Extreme volcanic natural landscapes
According to ehuacom, the Aniakchak National Monument was designated in 1978 with a size of 555 km². The status of National Monument (Preserve) was established in 1980 to; the protected area was expanded to a size of 1,885 km². Hunting is permitted within the National Preserve, subject to conditions. Aniakchak National Monument & Preserve is located in the mid-peninsula of the Aleutian mountain range, around Aniakchak Volcano. The area is managed by the US National Park Service. As I said, visitors rarely come to this area due to the lack of infrastructure. From time to time, rafting fans come to the area to practice their recreational sport on the Aniakchak River in the Alaskan wilderness.
Cloud covered mountains and a glacier
Lone National Monument with extinct volcano
Aniakchak National Monument and Preserve is located in the US state of Alaska. The Aniakchak National Monument does not have many visitors, the weather is usually too bad there. The main area of the reserve includes an extinct volcanic crater nearly 10 kilometers in diameter and a few hundred meters deep. The extinct volcano lies along the world’s active volcanic ring “Ring of Fire “. The caldera in its current dimensions was formed about 3,500 years ago. The area was declared a National Monument to recognize the geological importance of the caldera.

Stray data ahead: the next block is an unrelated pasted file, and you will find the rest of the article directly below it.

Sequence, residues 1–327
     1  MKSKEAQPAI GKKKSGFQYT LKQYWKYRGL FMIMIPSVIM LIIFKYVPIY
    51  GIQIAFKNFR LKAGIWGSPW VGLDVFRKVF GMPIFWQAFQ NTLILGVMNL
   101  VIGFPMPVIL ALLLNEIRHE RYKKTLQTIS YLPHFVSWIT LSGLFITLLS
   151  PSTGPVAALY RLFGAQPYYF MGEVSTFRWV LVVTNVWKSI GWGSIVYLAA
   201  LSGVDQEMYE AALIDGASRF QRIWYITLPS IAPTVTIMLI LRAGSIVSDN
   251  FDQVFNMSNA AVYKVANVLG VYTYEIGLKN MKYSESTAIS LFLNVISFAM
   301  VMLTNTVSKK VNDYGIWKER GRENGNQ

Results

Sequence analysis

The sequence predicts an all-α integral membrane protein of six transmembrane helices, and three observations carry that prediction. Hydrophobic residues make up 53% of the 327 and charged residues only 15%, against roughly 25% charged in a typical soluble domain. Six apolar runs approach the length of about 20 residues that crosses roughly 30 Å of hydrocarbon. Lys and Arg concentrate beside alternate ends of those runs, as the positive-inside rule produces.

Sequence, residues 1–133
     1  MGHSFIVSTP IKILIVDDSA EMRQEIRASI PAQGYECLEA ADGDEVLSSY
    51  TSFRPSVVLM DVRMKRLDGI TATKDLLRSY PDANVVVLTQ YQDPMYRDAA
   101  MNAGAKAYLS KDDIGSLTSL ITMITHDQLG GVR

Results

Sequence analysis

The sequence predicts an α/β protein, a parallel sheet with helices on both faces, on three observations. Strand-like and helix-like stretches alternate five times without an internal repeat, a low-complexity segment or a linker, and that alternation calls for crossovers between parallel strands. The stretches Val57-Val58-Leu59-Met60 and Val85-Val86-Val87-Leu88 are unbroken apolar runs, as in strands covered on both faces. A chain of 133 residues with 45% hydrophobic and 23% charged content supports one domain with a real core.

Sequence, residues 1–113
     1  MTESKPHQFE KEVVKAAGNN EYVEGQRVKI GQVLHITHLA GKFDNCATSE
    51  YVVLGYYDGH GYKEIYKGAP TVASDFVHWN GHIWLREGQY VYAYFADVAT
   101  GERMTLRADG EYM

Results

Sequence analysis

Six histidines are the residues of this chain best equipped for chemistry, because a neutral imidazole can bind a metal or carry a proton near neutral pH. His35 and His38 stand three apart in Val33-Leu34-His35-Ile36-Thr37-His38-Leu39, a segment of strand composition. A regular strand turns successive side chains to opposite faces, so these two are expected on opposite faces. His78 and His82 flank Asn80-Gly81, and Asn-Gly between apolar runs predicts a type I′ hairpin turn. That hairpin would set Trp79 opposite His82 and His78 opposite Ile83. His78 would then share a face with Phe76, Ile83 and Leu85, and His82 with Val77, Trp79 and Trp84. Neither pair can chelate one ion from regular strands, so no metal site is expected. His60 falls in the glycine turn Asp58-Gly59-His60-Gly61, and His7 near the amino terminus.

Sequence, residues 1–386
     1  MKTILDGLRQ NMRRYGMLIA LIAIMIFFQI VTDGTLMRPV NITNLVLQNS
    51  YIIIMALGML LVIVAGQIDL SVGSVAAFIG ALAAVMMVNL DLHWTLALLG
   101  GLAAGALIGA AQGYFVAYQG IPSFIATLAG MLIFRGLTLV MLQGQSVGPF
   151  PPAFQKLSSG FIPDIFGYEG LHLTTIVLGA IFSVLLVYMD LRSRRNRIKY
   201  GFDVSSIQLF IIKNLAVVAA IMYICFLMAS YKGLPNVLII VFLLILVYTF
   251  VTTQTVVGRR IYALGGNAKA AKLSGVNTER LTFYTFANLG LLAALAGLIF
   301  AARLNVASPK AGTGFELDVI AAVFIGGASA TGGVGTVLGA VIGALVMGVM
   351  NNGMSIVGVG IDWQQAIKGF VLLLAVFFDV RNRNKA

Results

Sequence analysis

Attempted economic exploitation in Alaska
After the area became part of the United States, the fishing and canning industry came to the area after Alaska. The rich offer of nature was now used economically. This industrialization took place quite ruthlessly in many parts of Alaska. In the Aniakchak area, too, the life and culture of the indigenous people was not really taken into account.
Volcanoes and mountains non-stop
This chain-shaped mountain range in Alaska is known as the ” Aleutian chain “. One volcano follows the other on a long peninsula. The chain of volcanoes begins at Lake Chakachamna, over 100 km west of Anchorage, and extends to Unimak Island in the Aleutian Islands. The northern part of the mountain range is called the Chigmit Mountains. There the Alaska mountain range joins the Aleutian mountain range. The entire area of the Aleutians has practically no infrastructure and can only be accessed by plane or ship.
Glacier mountains in Alaska
Aniakchak – original nature
The area of the Aniakchak National Monument and Preserve has a pristine nature, an original flora and fauna to offer. But there are also predators in the area, such as bears. If you prepare well for your stay in this area, you will experience a natural paradise. Otherwise, you should think twice before visiting the Aniakchak National Monument and Preserve.
Good living conditions
Researchers found that people in this area lived on hunting, fishing, and berries, as well as shellfish. This rich food supply allowed the population to grow rapidly.
Traces of human habitation
When scientists and researchers studied the region, it was found that the area of Aniakchak National Monument also has a very ancient cultural history. Archaeologically significant finds of a settlement from about 2,000 years ago were found in the immediate vicinity, about 1,500 years after the great Aniakchak caldera was formed. The area was probably inhabited before the great eruption, but the eruption destroyed all life and made this area a dead zone for a long time.